FiberOne of the most tragic casualties of a strictly low-carb, low-fat diet is the dismal disappearance of the dieter’s fiber intake. So what’s a dieter to do? Sacrifice their carb count for a fiber count? What is fiber, anyway? How important is it to nutrition and weight loss? Or, put simply: if I’m trying to lose weight, should I avoid or aim for fiber?

What is Fiber?

Fiber is the undigested plant material that, while found in a beautifully broad range of foods—from beans and nuts to oats and broccoli—is, ironically, consistently underrepresented in the typical American’s diet.

The average American adult consumes about half of the USDA’s daily recommendation of roughly 25 grams of fiber; for men under 50, the USDA recommends 30-38 grams, to reflect guys’ higher daily calorie intake. (Check out Table 1, below).

There are two kinds of fiber: soluble and insoluble. Soluble fiber—found in foods like oatmeal, lentils, apples, strawberries, flax, and beans—attracts water and forms a gel, which slows down digestion and keeps you feeling fuller, longer. Insoluble fiber—found in whole grains, broccoli, nuts, and dark leafy veggies—act as a natural “broom” for your digestive track, speeding up the passage of food and waste in a timely and—shall we say—regular manner.

Both types of fiber are therefore a key nutrient in a smart, healthful weight loss program.

Beyond Better Bowels

More than helping to keep your bowel movements healthy and regular, some fibers have been shown to possess important anticancer, antibacterial, and antiviral properties. These soluble fibers, called lignans, also demonstrably combat type 2 diabetes by slowing down the absorption of glucose, increasing the sensitivity to insulin, and thereby improving glucose metabolism overall.

With increasing attention paid these days to “gut health”—measured by the robustness and diversity of beneficial bacteria in our digestive tracks—and the role that this community of microbes plays in our overall health (including our individual propensity toward weight gain and retention), fiber fans are vindicated again. In your gut, bacteria ferment a type of soluble fiber called inulin, and uses it to fight pathogens, which is why inulin is referred to as a “prebiotic.” Artichokes, leeks, garlic, onions, and tofu are all sources with high levels of inulin (see Table 2, below), but be careful how you cook them: overcooking these foods can drastically undercut the presence of fiber.

Fiber Fill-Up

Even though at first it may seem daunting to aim to double your usual fiber intake, your emphasis should be on diversity of foods, not fiber counting per se. By incorporating a broad range of fiber-rich foods (again, Table 2 is your guide), you will not only likely hit your fiber intake goal, but you will also improve the diversity and health of your gut, as well as reaching a variety of other daily nutritional goals. Plus, the added benefit that fiber leaves you feeling fuller, longer, will leave you less likely to reach for that mid-afternoon bag of chips or snack bar.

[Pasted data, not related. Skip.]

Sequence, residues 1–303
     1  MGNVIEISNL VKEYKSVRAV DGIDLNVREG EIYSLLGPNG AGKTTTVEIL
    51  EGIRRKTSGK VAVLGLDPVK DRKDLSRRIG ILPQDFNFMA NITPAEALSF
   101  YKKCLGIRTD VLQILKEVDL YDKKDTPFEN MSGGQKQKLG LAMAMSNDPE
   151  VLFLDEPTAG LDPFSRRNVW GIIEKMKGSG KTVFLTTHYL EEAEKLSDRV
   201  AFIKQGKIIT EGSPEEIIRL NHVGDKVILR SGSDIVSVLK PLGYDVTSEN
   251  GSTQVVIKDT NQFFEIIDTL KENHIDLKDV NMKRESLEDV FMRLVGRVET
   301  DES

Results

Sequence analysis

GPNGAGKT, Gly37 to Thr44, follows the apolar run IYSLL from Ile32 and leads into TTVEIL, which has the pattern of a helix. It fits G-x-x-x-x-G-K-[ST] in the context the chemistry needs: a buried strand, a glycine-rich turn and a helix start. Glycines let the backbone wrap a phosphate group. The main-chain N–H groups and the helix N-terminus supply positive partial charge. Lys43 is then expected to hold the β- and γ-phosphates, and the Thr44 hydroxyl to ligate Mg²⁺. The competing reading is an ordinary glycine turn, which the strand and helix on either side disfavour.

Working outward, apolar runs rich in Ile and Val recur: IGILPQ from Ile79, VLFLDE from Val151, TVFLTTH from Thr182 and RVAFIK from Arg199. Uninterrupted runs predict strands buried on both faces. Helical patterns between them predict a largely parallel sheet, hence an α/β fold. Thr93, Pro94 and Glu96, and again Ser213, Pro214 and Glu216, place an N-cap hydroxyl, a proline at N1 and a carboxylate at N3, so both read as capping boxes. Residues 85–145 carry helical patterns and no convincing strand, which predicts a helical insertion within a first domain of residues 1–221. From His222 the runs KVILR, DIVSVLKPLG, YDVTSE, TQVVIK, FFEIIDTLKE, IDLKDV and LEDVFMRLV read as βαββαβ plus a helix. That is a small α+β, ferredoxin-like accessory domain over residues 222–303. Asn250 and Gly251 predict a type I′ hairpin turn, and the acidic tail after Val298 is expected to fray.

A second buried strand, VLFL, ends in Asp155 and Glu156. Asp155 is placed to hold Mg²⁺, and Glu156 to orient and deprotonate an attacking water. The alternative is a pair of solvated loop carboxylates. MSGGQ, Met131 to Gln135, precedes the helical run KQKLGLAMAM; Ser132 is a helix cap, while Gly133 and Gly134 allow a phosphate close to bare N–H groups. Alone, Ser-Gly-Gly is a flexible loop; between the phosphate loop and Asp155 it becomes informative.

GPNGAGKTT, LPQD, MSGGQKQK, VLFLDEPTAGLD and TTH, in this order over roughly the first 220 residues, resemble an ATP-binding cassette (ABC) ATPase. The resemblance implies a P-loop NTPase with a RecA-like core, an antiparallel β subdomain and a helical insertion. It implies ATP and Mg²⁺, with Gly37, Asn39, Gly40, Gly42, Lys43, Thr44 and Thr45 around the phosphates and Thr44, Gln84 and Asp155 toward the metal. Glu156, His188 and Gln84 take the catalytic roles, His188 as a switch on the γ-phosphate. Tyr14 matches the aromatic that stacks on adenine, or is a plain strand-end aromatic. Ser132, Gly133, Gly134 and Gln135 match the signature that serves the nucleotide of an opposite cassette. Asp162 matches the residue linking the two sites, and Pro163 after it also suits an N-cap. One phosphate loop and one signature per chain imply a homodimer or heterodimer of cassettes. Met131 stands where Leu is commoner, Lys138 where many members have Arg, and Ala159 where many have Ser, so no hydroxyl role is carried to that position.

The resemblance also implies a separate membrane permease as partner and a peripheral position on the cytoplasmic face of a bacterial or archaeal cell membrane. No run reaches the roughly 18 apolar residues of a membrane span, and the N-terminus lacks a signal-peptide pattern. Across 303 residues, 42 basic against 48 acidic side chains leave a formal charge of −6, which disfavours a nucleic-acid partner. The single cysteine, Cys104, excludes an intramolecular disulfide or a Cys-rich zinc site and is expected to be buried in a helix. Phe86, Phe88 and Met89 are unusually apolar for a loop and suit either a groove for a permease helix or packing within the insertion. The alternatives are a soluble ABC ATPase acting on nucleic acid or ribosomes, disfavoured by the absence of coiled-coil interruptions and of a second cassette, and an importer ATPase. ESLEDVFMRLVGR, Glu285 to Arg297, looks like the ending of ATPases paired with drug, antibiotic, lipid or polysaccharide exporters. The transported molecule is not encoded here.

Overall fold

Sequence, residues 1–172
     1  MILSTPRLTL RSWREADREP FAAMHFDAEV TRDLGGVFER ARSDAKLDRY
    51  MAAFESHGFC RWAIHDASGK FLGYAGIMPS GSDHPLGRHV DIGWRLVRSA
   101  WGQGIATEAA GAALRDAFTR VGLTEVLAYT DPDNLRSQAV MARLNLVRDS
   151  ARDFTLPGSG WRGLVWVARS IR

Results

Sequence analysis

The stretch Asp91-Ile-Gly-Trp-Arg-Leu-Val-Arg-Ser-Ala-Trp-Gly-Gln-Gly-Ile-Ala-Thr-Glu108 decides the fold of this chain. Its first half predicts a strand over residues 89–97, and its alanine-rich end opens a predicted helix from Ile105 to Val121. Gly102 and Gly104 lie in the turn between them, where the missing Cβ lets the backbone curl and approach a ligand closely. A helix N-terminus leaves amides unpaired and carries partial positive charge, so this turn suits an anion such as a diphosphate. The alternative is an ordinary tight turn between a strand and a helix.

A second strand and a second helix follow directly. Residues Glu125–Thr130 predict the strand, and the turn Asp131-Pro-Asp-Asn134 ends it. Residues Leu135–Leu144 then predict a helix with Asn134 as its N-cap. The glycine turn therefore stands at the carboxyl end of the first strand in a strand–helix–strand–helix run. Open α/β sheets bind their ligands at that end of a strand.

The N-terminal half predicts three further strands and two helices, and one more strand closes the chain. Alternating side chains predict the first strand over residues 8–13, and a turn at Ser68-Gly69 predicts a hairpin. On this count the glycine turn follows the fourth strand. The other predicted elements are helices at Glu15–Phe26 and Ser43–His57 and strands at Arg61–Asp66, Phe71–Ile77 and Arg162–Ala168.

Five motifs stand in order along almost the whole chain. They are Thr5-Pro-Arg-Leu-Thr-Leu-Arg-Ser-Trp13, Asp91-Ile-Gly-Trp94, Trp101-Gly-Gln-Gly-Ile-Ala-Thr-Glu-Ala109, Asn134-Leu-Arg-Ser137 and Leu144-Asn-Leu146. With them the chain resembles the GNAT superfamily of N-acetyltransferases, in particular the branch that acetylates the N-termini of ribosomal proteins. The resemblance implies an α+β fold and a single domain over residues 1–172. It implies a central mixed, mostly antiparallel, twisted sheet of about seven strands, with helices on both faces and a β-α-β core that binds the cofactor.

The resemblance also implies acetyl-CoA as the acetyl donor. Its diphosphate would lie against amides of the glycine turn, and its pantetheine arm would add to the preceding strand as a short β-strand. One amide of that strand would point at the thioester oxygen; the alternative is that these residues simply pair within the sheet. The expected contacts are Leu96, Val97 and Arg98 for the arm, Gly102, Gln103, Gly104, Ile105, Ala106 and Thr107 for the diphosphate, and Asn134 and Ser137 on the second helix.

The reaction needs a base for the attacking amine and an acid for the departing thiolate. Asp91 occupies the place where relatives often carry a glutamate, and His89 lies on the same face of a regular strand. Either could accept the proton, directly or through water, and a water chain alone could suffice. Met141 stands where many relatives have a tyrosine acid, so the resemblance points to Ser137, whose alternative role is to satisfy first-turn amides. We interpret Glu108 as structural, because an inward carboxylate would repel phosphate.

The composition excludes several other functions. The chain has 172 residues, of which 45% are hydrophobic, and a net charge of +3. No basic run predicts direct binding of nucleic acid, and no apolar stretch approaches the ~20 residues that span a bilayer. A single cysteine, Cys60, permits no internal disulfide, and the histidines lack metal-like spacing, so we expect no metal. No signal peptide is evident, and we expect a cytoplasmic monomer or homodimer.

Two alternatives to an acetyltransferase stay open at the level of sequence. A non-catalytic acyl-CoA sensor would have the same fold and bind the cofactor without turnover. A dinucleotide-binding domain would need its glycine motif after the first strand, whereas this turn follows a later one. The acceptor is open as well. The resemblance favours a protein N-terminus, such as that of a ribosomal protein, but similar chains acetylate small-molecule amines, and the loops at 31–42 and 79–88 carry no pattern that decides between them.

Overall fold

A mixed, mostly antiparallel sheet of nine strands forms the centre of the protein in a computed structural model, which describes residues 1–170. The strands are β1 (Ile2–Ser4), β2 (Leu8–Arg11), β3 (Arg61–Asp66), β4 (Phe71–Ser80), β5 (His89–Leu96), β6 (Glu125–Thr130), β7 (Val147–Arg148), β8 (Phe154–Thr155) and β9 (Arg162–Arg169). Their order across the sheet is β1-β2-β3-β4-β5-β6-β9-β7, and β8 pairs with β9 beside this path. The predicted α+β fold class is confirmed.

Here are some tips on how to work more fiber, effortlessly, into your day:

•      Start the day with a good dose of fiber. Choose a cereal with “whole grains” as the first listed ingredient, with at least 5 grams of fiber        listed on the label. Bran, flax, and oats are usually good signifiers.

•     Ditch the juice and eat a piece of whole fruit—skin included—instead.

•     Add a tablespoon of ground flaxseed to soups, salads, stews, and smoothies.


Table 1. USDA Fiber Recommendations*

Men, below 50 years old

38 grams

Men, above 50 years old

30 grams

Women, below 50 years old

25 grams

Women, above 50 years old

21 grams

*based on the average healthy adult. Always check with your medical provider or nutrition adviser if in doubt.


Table 2. Fiber-rich foods


Total Fiber (in grams)

Bran cereal

1/3 cup


Split peas, cookd

1/2 cup


Kidney beans, cooked

1/2 cup


Lentils, cooked

1/2 cup


Black beans, cooked

1/2 cup


Chickpeas, canned

1/2 cup






1/2 cup



1/2 cup


Sweet potato, baked, with skin

1 medium


Potato, baked, with skin

1 medium



1/4 cup



1/2 cup



1/2 cup



1 ounce


Cooked spinach

1/2 cup



1 medium